The Terenzio Maccabelli Best Dissertation Award for the best Ph.D. dissertation in the history of economic thought completed during 2021 or 2022, in memory of Terenzio Maccabelli. Self-nominations are not accepted. Send your proposal to Fabrizio Bientinesi: fabrizio.bientinesi@unipi.it

Nominations should include:

Rules for Awards:

Deadline for nominations: 31 May 2023

Winner Announcement: AFEE Awards 2023

The January 2023 New Orleans ASSA meetings honored three deserving award winners.

Jon D. Wisman of American University won the 2023 Veblen-Commons Award, which annually recognizes scholarly contributions in the field of evolutionary institutional economics; those members who have not yet explored Professor Wisman’s work might start with his 2022 book, The Origins and Dynamics of Inequality: Sex, Politics, and Ideology (Oxford University Press).

Kanchana Ruwanpura of the University of Gothenburg (Sweden) was named the 2023 Clarence Ayers Scholar, which annually honors a promising international scholar. Professor Ruwanpura gave an inspiring talk examining the circumstances of her home country from an institutionalist perspective, entitled ‘Polanyi in Sri Lanka: Corrupted Capitalism, Dis-Embeddness and Public Protests.’

And Huáscar Pessali of the Federal University of Parana (Brazil) was named the 2023 James H. Street Scholar for his scholarship on Latin America; his talk, ‘Institutional Mishmash,’ was a provocative reflection on Latin American governments’ institutionally-blunted efforts to reduce inequality and re-ignite regional development.


Review of Agrarian Studies 12 (2)


On the Commercial Release of Transgenic Mustard in India

The Conflict in Ukraine and Disruptions in Global Agriculture

The Global Biodiversity Framework and the North-South Divide


Himanshu: In Memory of Abhijit Sen, 1950-2022

Research Articles

Irfan Habib: Caste and Agrarian Relations in Pre-Modern India

Fernanda Bárcia de Mattos, Sukti Dasgupta, Valeria Esquivel, and Sajid Ghani: Push and Pull Factors and Women's Rural Employment in India since Covid-19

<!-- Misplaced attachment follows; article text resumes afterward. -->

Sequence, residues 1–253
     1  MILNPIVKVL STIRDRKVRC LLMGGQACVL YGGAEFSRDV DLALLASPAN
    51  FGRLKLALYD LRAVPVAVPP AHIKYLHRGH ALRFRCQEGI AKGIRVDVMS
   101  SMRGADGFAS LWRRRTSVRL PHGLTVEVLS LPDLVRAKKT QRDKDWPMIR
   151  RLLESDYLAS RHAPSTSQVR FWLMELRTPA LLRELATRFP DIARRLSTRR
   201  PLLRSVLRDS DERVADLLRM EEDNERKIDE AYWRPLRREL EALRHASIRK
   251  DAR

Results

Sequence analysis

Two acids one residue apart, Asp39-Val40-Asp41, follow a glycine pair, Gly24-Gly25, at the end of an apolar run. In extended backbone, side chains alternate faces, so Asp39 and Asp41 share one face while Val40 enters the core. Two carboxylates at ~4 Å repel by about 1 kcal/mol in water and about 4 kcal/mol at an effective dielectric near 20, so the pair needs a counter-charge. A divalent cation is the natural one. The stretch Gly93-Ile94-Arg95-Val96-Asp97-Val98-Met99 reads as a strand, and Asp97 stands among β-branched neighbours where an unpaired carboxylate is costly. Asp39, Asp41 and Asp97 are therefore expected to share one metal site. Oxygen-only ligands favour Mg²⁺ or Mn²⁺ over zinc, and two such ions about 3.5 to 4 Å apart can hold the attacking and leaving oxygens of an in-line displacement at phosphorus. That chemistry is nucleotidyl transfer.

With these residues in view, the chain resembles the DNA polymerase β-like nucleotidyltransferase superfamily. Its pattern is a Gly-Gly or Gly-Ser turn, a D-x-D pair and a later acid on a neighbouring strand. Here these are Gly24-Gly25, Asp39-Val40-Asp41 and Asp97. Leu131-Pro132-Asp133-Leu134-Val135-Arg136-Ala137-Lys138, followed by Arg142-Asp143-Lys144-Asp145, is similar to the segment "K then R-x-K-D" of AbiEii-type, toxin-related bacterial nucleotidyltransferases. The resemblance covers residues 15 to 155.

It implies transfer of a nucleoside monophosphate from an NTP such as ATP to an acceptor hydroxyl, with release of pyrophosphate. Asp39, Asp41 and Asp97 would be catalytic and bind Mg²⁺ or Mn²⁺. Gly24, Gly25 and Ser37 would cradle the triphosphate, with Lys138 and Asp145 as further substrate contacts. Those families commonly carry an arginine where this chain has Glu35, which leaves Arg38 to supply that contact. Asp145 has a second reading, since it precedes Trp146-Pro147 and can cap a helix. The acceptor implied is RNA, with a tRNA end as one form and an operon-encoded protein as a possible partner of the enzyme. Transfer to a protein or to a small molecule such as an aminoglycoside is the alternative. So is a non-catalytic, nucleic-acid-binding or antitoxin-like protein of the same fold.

Pallavi Chavan and Ashish Kamra: Financial Inclusion in Rural India: An Assessment Based on Secondary Data

Geof Wood and M. A. Sattar Mandal: Rentiers and Contractors: The Future of Agrarian Bangladesh Part 2: The Disappearance of the Bangladeshi Farm?

Review Articles

Amiya Kumar Bagchi: The Intellectual Legacy of an Early Development Economist

Research Notes and Statistics

Sreeja Jaiswal, Goutham R, and Charu Chandra Devashali: Climate Change Policy in Agriculture, Forestry, and Other Land Use: An Argument for Equity

Cambridge Journal of Economics 47 (1)

Ann Vogel, Alan Shipman: Elite philanthropy and applied economics: the Rockefeller Foundation’s role in post-war research direction

Geoffrey M Hodgson: The institutional impossibility of guild socialism

Alexandre De Podestá Gomes, Robert Pauls, Tobias ten Brink: Industrial policy and the creation of the electric vehicles market in China: demand structure, sectoral complementarities and policy coordination

Merve Burnazoglu: Stratification mechanisms in labour market matching of migrants

Dyeggo Rocha Guedes, André Moreira Cunha, Luiza Peruffo: Financial cycles and fiscal policy in developing and emerging economies: an evaluation of the Brazilian case (1997–2018)

Enzo Matono Gerioni, Lilian Nogueira Rolim, Julia Alencar Omizzolo, Nikolas Alexander van de Bilt Schiozer: Monetary policy autonomy and foreign reserves accumulation in Brazil: a compensation view